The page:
Science Education Policy Alliance Written evidence (EDU0099)


  1. Following a meeting with Lord Watson at the pan-science Parliamentary Affairs Committee, the Association for Science Education, Institute of Physics, Royal Society, Royal Society of Biology and Royal Society of Chemistry are writing to the Education for 11-16 year olds Committee to provide further evidence on the issue of grading severity in the sciences and inter-subject comparability. At the committee Lord Watson raised the issue of the “forgotten third” of students, those that do not attain Grade 4 or above at GCSE, and was asked if the committee had been considering the value of the whole range of grades at GCSE. Lord Watson invited SEPA to submit further evidence to the committee and we welcome this opportunity to provide some background on grading severity and inter-subject comparability ahead of the committee’s oral evidence session with Ofqual.
  2. The Science Education Policy Alliance (SEPA) brings together the Association for Science Education, Institute of Physics, Royal Society, Royal Society of Biology and Royal Society of Chemistry to coordinate and collaborate on science education policy, with Professor Dame Athene Donald as Chair. This partnership originated with SCORE (Science Community Representing Education) in 2008, and following dissolution of that group in 2015 our organisations have continued to work together to provide a strong collective voice for the sciences. We would welcome further opportunities to present evidence to the committee and are happy to engage with any questions the committee may have on the joint evidence submitted here, or our individual submissions to the committee as part of their inquiry.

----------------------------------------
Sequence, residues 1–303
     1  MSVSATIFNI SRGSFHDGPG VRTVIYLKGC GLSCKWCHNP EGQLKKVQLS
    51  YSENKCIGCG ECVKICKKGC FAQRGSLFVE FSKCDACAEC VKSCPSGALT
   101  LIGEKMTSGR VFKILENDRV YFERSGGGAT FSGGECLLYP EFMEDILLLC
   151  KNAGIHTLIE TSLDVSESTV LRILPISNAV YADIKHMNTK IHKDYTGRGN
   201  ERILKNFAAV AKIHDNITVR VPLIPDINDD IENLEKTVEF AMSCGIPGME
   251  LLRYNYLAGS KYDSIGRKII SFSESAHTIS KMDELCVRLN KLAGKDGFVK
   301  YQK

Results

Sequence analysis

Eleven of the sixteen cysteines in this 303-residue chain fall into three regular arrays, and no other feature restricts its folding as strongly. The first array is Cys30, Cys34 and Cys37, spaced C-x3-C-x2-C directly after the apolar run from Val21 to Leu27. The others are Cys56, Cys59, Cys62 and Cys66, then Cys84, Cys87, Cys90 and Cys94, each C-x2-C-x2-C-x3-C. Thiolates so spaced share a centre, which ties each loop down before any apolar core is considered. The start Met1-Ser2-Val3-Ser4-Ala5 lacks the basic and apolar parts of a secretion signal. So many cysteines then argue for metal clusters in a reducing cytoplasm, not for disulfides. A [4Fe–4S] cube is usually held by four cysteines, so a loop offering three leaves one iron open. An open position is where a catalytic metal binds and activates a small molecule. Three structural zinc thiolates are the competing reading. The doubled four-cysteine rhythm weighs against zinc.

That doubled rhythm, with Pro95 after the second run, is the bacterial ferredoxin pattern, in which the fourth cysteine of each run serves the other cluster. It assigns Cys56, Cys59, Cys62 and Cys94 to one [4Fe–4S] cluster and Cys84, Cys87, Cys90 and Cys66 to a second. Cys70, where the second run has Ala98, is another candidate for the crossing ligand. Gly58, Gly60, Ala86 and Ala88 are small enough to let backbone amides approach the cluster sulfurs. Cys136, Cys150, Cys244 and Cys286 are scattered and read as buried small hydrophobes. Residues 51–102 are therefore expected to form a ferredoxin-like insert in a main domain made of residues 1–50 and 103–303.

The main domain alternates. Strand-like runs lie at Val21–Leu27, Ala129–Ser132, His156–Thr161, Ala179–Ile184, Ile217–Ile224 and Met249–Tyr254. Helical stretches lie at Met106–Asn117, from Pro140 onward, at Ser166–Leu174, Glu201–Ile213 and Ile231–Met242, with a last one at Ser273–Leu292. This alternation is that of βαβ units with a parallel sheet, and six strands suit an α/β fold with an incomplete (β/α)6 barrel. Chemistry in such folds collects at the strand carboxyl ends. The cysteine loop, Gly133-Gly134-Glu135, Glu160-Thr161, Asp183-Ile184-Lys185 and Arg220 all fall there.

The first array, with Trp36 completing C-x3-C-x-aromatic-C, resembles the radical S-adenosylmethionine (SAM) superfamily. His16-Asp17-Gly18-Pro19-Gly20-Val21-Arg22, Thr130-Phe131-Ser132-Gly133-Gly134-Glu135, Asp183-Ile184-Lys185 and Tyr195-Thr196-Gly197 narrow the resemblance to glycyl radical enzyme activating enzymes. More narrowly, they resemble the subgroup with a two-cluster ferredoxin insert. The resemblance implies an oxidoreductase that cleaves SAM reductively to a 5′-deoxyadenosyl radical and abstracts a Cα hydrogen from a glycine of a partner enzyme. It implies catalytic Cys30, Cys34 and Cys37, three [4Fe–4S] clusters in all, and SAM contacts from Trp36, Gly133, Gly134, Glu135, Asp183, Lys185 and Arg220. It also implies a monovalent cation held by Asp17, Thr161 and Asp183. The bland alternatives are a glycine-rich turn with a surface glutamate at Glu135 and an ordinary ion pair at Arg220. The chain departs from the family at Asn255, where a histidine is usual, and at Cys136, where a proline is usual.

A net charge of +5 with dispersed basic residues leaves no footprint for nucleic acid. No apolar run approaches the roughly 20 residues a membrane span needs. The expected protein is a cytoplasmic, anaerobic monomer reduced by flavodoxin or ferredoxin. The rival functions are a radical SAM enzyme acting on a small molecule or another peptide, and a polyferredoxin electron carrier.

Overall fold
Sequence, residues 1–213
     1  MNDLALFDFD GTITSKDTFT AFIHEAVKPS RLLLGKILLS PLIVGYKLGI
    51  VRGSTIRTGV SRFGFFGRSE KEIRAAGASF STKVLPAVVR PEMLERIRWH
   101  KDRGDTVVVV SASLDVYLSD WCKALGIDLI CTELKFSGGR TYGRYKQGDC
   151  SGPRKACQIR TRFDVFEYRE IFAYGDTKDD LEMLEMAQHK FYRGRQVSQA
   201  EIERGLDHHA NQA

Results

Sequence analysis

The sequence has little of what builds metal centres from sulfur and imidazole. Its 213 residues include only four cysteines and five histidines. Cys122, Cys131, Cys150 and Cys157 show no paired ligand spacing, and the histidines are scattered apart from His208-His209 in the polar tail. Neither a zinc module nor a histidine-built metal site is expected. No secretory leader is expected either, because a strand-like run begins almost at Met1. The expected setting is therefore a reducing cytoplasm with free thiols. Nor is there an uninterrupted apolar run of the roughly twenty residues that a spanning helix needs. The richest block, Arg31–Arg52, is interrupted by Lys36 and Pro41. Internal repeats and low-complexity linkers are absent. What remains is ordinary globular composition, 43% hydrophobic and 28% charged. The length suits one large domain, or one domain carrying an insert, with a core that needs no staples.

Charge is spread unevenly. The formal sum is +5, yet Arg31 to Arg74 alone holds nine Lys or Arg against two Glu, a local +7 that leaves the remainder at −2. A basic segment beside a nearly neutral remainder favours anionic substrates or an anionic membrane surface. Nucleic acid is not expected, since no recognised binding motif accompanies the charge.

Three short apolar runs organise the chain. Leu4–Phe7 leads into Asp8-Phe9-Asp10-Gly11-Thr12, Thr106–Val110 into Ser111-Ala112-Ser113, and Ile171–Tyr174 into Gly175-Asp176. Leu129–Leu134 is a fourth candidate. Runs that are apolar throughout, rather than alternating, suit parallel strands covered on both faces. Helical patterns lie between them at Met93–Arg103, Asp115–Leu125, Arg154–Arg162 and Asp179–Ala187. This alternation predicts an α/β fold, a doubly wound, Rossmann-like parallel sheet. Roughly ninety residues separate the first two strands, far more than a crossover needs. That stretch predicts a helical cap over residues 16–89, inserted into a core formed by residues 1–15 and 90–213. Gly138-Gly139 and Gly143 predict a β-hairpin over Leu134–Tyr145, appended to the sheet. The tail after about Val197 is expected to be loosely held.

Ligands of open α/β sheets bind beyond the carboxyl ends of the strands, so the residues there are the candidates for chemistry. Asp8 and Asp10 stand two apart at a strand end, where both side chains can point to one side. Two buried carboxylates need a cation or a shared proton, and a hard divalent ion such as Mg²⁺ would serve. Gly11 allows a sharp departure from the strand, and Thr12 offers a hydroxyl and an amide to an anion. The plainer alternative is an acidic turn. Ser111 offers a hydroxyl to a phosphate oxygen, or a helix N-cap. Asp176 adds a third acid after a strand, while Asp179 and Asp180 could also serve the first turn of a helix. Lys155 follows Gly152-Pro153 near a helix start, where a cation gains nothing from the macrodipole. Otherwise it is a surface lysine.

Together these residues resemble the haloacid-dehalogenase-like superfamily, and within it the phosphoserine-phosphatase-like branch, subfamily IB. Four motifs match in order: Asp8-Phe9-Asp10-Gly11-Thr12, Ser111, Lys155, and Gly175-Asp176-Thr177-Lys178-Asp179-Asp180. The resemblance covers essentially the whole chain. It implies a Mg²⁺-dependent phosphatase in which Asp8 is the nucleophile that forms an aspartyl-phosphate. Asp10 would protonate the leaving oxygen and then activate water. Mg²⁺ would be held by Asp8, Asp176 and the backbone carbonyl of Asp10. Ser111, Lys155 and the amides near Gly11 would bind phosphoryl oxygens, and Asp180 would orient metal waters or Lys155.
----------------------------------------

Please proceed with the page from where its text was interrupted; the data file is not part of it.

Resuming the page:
Relative difficulty and grading severity

  1. The relative ‘difficulty’ of the sciences (especially physics) and mathematics is often talked about but rarely understood. If we ask, ‘is sprinting more difficult than swimming?’ the question obviously has no meaning – they require different capabilities and people have different aptitudes. The comparison only becomes valid when you set standards for each discipline and compare the number of people who achieve those standards. We can ask, ‘is it more challenging to run 100m in 15 seconds or swim 100m in 60 seconds?’ and draw conclusions from the world records for each.
  2. In the same way, it is meaningless to ask whether physics is more difficult than biology. However, we can meaningfully ask whether it is a greater challenge to get an A grade at A-level in biology or mathematics. The answer is that they are about the same. But that is not true for, say, English.
  3. The issue is not the inherent difficulty of a subject, but how the exams are graded. Put simply, physics, along with French, biology, mathematics and chemistry, is graded more severely than subjects like English, business studies and art. A level grades in these groups of subjects are therefore not comparable.
  4. While we can identify the problem, there are barriers to solving it. The obvious response would be to lower the grade boundaries in more severely graded subjects, but this would further exacerbate the lack of discrimination between top grades. And, of course, the alternative – to raise grade boundaries in other subjects – is a hard sell to practitioners in those subjects.
  5. As things stand, Ofqual is required to make each year’s level of difficulty comparable with the previous year, within (but not across) subjects. Any small adjustment from one year to the next would require special dispensation.

Grading severity in the sciences and inter-subject comparability – SEPA organisations and Ofqual

  1. In 2008, a Durham Curriculum, Education and Management Centre (CEM) report commissioned by SCORE found that the sciences, mathematics and languages are graded more severely than other subjects at A-level: up to a grade more severely in some cases. Though the Education for 11-16 year olds Committee’s focus is not on A level, the progression from GCSE to A level is certainly important to consider as part of the 11-16 school experience and the choices students make as a result.